Franklin C. Miller / New Atlanticist
“The United States has been raising Russian violations of the INF Treaty with Moscow since 2014,” writes Franklin C. Miller in the New Atlanticist. “To believe the INF Treaty remains in force is risible: Russia’s continued deployment of SSC8s has rendered it null and void.” As such, President Trump was simply acknowledging the reality of the situation when he called for the United States to exit the INF Treaty, he writes. But now, Miller adds, Washington should work with its NATO allies in Europe to develop a counter to Russia’s SSC8 since the Kremlin will only negotiate and abide by arms control agreements when it wants to block or constrain the deployment of Western weapons.
Melik Kaylan / Forbes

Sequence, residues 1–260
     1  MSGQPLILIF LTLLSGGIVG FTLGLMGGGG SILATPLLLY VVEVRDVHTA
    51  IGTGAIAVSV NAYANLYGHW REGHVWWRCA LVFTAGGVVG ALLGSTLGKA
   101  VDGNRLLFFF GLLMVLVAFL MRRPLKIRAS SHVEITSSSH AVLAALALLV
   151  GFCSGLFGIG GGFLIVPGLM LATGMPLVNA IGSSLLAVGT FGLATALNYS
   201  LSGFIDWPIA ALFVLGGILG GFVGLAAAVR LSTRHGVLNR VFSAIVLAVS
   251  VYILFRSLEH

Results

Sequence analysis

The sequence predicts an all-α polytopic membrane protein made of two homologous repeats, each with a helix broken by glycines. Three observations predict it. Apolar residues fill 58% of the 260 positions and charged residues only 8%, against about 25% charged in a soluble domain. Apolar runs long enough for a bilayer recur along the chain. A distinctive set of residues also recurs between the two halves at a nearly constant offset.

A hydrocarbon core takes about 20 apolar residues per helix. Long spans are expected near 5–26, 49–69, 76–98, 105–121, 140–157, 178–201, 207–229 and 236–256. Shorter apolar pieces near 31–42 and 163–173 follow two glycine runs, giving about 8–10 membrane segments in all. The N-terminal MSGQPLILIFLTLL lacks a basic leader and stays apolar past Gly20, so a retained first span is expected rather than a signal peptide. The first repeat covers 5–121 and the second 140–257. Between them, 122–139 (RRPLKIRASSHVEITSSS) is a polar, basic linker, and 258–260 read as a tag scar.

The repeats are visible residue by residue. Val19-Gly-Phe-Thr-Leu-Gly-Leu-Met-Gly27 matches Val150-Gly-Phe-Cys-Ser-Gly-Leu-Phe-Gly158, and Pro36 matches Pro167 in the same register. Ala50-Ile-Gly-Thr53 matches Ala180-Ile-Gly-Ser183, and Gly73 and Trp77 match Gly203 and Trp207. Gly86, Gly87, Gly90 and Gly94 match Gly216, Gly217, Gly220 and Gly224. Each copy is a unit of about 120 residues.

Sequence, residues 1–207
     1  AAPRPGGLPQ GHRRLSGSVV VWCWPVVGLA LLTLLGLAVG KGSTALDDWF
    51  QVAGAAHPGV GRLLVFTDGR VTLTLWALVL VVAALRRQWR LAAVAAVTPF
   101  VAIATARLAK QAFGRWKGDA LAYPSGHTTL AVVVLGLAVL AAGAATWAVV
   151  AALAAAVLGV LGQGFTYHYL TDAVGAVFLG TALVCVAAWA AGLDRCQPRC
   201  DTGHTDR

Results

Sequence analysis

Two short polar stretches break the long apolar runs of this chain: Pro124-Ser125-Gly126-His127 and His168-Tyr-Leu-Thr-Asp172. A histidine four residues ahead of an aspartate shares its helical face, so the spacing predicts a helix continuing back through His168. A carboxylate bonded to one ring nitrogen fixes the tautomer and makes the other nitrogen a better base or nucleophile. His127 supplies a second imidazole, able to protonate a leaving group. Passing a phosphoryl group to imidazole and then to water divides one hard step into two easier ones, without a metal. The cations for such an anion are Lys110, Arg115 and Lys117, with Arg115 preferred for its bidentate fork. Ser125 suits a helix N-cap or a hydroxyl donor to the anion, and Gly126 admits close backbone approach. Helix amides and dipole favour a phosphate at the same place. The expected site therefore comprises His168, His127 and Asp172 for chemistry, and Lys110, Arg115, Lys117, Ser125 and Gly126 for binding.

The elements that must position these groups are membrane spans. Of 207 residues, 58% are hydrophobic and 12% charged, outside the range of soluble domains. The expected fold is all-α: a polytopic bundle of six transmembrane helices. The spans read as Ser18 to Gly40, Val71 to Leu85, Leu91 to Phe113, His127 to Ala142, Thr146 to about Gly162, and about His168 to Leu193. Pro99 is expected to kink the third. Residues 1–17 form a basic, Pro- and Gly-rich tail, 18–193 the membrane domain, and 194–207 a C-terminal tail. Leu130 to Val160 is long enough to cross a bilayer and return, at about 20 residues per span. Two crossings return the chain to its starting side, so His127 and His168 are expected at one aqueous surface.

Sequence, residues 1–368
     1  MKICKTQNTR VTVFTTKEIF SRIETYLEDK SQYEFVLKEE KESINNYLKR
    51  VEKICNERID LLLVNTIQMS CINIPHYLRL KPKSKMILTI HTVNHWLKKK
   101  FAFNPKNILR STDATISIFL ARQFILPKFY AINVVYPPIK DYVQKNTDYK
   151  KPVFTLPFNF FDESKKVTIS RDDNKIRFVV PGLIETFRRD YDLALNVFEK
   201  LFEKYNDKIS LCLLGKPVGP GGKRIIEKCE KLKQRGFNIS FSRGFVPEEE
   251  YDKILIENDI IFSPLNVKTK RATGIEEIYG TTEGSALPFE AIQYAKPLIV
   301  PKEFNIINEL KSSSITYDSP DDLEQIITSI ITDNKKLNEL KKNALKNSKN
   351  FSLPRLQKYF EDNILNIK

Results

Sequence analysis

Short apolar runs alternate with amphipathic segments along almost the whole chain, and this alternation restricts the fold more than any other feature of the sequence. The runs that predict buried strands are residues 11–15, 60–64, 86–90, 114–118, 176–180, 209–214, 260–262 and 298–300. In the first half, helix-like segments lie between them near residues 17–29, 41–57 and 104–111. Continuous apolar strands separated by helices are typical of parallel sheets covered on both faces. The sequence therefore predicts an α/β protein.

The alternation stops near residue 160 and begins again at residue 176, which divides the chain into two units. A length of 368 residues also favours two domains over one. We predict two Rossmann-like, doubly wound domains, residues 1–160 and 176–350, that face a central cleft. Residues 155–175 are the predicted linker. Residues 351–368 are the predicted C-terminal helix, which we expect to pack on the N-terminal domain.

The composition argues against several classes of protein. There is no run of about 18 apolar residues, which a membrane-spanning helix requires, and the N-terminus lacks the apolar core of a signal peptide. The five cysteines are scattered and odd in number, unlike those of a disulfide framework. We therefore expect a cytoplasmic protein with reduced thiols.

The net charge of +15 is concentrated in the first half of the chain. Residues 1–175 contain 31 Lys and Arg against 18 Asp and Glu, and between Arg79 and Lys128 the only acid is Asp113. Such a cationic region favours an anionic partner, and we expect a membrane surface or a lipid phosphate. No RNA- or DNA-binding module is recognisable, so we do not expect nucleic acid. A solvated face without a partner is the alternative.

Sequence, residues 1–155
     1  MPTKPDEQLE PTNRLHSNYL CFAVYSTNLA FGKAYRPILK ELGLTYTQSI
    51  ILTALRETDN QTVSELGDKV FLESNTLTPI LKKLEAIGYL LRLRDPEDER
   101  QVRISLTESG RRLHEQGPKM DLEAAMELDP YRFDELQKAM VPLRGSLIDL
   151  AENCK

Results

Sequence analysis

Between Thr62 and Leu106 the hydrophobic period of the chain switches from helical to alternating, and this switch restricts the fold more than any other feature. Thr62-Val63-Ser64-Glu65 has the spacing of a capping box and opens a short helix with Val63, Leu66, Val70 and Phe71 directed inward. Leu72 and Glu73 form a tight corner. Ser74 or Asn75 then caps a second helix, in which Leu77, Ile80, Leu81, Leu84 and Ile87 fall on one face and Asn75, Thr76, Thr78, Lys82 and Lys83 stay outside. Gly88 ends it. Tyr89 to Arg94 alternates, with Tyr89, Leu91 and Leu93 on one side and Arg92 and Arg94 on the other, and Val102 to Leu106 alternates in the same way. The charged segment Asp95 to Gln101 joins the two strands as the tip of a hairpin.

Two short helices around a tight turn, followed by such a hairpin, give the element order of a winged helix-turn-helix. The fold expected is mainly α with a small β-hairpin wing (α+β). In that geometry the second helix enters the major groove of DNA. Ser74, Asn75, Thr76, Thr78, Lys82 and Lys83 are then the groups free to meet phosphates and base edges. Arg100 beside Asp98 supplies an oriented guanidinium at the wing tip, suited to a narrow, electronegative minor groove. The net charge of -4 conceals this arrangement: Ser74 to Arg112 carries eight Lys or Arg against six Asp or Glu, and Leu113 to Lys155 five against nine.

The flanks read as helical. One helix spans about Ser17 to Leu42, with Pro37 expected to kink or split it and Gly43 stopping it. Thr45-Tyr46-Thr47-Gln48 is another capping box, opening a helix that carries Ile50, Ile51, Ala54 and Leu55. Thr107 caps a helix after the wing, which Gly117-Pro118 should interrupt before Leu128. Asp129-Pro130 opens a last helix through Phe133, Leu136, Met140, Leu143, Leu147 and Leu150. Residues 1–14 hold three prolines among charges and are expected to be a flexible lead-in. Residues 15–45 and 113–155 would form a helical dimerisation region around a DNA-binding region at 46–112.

“Almost everything we know about what actually happened in the Saudi Consulate comes from the Turks,” Melik Kaylan writes in Forbes. “And make that what we think we know,” he adds. None of this is to dispel the fact that the journalist Jamal Khashoggi is dead, or that Riyadh has failed to provide a convincing explanation for his death. Yet Kaylan’s op-ed is an important reminder that Ankara has its own goals in bringing attention to Saudi Arabia’s role in the murder. “Essentially, Ankara and Riyadh are jockeying for leadership of the Sunni Muslim world,” he writes. “President Erdogan as a Neo-Ottomanist wants Turkey to act as the fons et origo of legitimate Islam in the old imperial way. The Kingdom of Saudi Arabia harbors its own pretensions backed by oil billions.”